The field of digital medicine continues to experience explosive growth. In drug development, this is reflected in DiMe’s Library of Digital Endpoints, which has increased from 38 sponsors collecting 108 unique endpoints in July 2019 to 69 sponsors collecting 225 unique endpoints in September 2021. Digital health also continues to expand at exponential rates. In radiology, for example, there are over 240 artificial intelligence/machine learning-enabled medical devices that have received 510(k) clearance.
And while things are getting bigger, they aren’t getting any easier. As the field continues to grow, it can be arduous to identify the right partners to optimize a clinical research project. Sponsors are finding themselves inundated with potential collaborators, and it is becoming increasingly difficult for vendors to stand out in an ever-growing ecosystem.
How can sponsors thoroughly and uniformly vet vendors for partnerships in their clinical research endeavors?
How can vendors prepare their body of evidence in a standardized manner and properly prepare for vendor qualification assessments?
In 2020, HealthXL recognized the opportunity to solve the vendor selection problem for pharma and give vendors a unified vision of what “good” looks like when it comes to partnering with life sciences companies. Then, in January 2021, HealthXL convened multi-stakeholder partners, including The Digital Medicine Society (DiMe), to create a digital health vendor assessment toolkit for clinical trials.
Participants who developed the vendor assessment toolkit for pharma included:
Prior to launch, the vendor assessment was user tested with:
The vendor assessment toolkit for clinical trials outlines 13 distinct categories typical of the vendor qualification assessment process including considerations that are distinct to digital health.
Example considerations in the vendor assessment toolkit for pharma include:
This new resource helps set realistic expectations of incorporating a digital product or service into a clinical research study. It is through realistic expectations that collaborators can have successful partnerships — this guide helps facilitate these conversations from the onset.
The toolkit also contains a standardized template that allows vendors to prepare and standardize their response package prepared for pharma. This will speed vendor identification and contracting, benefiting both innovators at vendor organization and supporting expedited pharma timelines.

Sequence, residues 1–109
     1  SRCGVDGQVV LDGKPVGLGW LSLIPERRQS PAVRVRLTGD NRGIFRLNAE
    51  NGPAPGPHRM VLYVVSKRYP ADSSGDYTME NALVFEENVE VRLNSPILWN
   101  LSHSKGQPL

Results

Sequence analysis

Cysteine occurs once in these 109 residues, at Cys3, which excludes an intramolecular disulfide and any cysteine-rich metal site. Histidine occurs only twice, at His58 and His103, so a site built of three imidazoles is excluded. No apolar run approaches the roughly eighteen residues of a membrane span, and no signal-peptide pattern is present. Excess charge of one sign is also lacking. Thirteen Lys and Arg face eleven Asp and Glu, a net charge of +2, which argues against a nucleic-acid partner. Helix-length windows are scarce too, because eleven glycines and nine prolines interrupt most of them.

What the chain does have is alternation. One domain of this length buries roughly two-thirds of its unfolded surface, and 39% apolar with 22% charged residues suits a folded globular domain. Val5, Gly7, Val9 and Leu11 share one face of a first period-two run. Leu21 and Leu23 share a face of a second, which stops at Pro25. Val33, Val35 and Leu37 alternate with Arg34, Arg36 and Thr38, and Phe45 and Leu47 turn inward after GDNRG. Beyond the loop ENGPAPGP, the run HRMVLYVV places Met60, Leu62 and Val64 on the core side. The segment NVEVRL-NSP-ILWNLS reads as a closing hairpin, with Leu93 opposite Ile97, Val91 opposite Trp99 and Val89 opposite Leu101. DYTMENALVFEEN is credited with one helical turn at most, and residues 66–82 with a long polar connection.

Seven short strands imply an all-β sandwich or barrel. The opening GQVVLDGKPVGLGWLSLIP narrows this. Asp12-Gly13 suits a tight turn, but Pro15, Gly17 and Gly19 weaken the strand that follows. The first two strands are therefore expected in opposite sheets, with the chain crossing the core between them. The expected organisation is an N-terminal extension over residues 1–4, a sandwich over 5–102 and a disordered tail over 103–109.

Sponsors should not expect all vendors to address every single item in this toolkit. Both sponsors and vendors should take a fit-for-purpose approach and, in deploying this resource, we encourage users to remove the considerations which do not apply or to add additional questions as needed.
If a vendor is not able to exhaustively respond to an item in this toolkit, it is not necessarily an indication that the vendor is not mature enough to partner. The world of digital health is still evolving, and so are many vendors. Vendor assessment and procurement groups should remain open when reviewing potential vendors, keeping in mind that the best partnerships are a collaboration, not just a transaction-based relationship.
Vendors can use this guidance to develop a template for their evidence packages, instead of creating a bespoke bundle de novo for each sponsor. The guidance includes frequently-asked questions during the vendor qualification process, and outlined here to allow vendors a runway to be proactive.
At DiMe, we believe HealthXL’s Digital Health Vendor Assessment for Clinical Trials to be a critically important component of the digital medicine ecosystem. We have proudly included it in The Playbook, the essential guide for successfully developing and deploying digital clinical measures and remote monitoring.
Well-positioned clinical research collaborations are key for making the best products and solutions worthy of patients. We hope this resource can be a tool to strengthen collaboration across the entire field of digital medicine.
At DiMe, our commitment to fully integrating experts from all of the disciplines comprising digital medicine is unwavering. From regulators to white-hat hackers, ethicists to engineers, and clinicians to citizen scientists, we are proud to welcome all experts committed to ensuring that digital medicine realizes its full potential to improve human health. Join us!